Google.com International VS. Google.com USA

It’s a well known fact that Earth is the center of the universe, and by natural extension of this quixotic reasoning, the United States is the center of the Earth (to be perfectly exact, the center of the universe is Tulsa Oklahoma. Duh).

As a Canadian, I’m okay with this – it’s very hard to upset me. As an SEO, I’ve always been a little perturbed to know that the American oriented Google index has, as its home, the aggrandized Google.com domain.

Yes, yes I know Al Gore’s dog Tipper invented the Internet, and that it’s as all American as apple pie (which was in fact originally imported by the Spaniards in the late 19th century – source), in fact, I probably still have an ARCnet network running somewhere in my basement, I know this stuff cold – but really, can’t Gooooooogle give America its own index? Actually, at the start of 2008, they did – they just didn’t bother to tell anyone.

Round aboot January ‘08 Google effectively changed their domestic Google.com search results (those produced when searching Google.com from inside the USA), filtering out, or down, sites they had deemed non-US centric. Simultaneously they started pushing out geo-targeted results to people who searched Google.com from other countries, like CanadEH. Almost a year later, it doesn’t look like it was a mistake (much to the chagrin of many a webmaster who lost rankings in the US), and the trend isn’t going anywhere. Google is proudly cloaking its index internationally.

So, effectively:

  • Google.ca has its own, very Canadian index
  • Google.com searched from within Canada has its own, kinda Canadian index
  • Google.com searched from within the USA has its own (anti-Canadian?) index

What’s a boy to do when their site, which faithfully serves an international audience quite well thank you very much, gets labeled by Google as being associated with a country other than the US of A?

There are no hard and fast rules for governing which index your site is most commonly associated with, more likely (as is true with many decisions that Google makes) is the idea that a set of variables contribute to the determination, with mysterious ratings shrouded in algorithmic darkness. This problem plagues a huge number of .com sites with an intended international audience but a Canadian association. In some cases the differences between rankings at the US .com and the Canadian .com are massive.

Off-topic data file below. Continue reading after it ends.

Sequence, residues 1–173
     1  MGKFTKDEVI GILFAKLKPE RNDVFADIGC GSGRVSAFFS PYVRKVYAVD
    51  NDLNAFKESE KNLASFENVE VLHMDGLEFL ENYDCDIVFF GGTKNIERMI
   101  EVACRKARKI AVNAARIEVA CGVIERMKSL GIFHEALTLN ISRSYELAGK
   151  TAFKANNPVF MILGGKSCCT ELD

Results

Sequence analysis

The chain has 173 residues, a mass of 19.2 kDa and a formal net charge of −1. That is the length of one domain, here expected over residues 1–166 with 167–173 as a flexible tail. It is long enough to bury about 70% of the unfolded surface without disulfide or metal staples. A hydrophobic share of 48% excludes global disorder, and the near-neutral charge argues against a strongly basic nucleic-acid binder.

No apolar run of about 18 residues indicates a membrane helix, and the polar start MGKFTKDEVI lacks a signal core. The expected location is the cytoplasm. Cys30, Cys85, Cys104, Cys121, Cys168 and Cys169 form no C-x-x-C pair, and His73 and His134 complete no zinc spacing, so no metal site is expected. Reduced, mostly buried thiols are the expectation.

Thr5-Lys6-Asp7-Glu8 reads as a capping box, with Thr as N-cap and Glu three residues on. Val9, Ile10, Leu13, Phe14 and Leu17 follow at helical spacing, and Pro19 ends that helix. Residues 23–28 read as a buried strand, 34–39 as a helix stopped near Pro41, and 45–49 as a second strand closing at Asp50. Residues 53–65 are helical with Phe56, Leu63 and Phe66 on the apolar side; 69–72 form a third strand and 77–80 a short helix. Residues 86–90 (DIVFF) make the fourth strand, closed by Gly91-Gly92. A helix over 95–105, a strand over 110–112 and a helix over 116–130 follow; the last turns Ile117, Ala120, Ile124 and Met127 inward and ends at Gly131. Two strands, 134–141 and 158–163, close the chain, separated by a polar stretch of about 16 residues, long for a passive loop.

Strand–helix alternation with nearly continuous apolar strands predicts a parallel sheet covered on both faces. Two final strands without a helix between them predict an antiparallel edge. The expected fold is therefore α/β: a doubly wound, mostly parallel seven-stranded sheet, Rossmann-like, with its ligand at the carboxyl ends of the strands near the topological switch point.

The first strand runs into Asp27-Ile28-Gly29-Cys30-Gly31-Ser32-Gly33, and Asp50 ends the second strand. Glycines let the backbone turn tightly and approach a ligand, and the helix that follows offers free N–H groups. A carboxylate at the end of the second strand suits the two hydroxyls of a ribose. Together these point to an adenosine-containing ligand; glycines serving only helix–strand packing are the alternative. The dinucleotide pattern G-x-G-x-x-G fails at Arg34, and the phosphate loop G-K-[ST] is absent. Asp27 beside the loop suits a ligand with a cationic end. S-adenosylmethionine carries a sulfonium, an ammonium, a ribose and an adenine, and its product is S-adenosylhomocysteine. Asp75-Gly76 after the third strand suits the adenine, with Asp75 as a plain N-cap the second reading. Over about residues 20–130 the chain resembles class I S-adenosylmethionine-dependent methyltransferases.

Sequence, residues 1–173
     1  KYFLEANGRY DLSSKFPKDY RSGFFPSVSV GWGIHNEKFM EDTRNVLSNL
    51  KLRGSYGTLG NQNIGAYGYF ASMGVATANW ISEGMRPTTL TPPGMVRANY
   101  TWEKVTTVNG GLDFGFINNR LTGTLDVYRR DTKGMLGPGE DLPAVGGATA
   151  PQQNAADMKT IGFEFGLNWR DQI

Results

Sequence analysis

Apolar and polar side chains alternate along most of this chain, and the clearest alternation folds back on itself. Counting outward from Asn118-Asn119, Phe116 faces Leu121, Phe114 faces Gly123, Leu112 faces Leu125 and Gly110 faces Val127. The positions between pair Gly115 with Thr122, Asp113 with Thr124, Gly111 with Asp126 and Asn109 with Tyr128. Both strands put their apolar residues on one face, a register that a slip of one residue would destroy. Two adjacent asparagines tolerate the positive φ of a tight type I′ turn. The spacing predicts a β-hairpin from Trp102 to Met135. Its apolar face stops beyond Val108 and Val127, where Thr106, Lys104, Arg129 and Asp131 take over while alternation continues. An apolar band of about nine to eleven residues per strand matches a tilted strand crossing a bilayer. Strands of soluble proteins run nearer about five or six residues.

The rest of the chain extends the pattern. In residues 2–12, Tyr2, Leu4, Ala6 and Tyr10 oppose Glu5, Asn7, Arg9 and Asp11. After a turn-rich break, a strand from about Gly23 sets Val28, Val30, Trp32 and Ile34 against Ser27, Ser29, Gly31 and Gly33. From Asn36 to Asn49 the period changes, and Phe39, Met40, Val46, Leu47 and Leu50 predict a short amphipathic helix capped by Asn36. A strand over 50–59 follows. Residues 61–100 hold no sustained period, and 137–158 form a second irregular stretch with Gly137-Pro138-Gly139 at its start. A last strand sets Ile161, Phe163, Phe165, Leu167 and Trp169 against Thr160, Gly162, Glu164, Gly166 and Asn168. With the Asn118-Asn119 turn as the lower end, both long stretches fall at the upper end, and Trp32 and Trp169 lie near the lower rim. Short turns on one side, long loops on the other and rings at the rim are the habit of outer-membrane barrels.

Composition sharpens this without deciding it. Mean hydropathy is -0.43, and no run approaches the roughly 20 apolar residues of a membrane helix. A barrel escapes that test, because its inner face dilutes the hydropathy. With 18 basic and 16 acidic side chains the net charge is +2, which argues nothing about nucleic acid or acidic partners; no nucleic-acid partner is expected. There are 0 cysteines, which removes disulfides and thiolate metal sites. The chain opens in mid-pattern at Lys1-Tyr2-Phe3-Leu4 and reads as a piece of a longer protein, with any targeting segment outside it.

It’s fairly easy to know if a site is associated with the Canadian Google index – if they rank better at Google.ca than .com, and rank even better for ‘pages in Canada’, you’ve got a Canuck site.

I just wanted to start a dialogue on the controllable variables which may contribute to Google’s country attribution, and what actionable items might exist for helping a Canadian (or any other foreign) company who wants to market their site to a US audience. Let’s take a look at a few of these variables:

Webmaster Central location setting

Websites that have registered with Google Webmaster Central and have verified that they own their site (by uploading a verification file to the webserver for example) have the option of associating their website with a specific location. This is a relatively new option provided by Google, and obviously should be considered a high priority task for any site in their efforts to become associated with the American Google.com index.

But it’s worth asking, is there any risk to current Google Canada rankings by setting USA as the preferred region in Webmaster Central? It’s not unreasonable to think that Google might discredit a site’s prominence in the Canadian index if they have chosen the US as their ‘region’ – since such an action spoils the idea that the company should be more relevant for Canadians than Americans. What should Google do – give a domestic bump to sites which explicitly state that they want to play on a world stage, or not?

Presumed weight: 4/5

I’d love to give this a 5/5, and it may very well be an overriding variable most of the time, but in my experience Google rarely places all of their eggs in one basket.

Location of website Hosting

If a website is hosted in a country outside of the US, Google may take this as an indication that the company holding that domain is based in the same region. This is certainly not an absolute variable, as there are indeed websites hosted in Canada that rank well in the US Google.com index.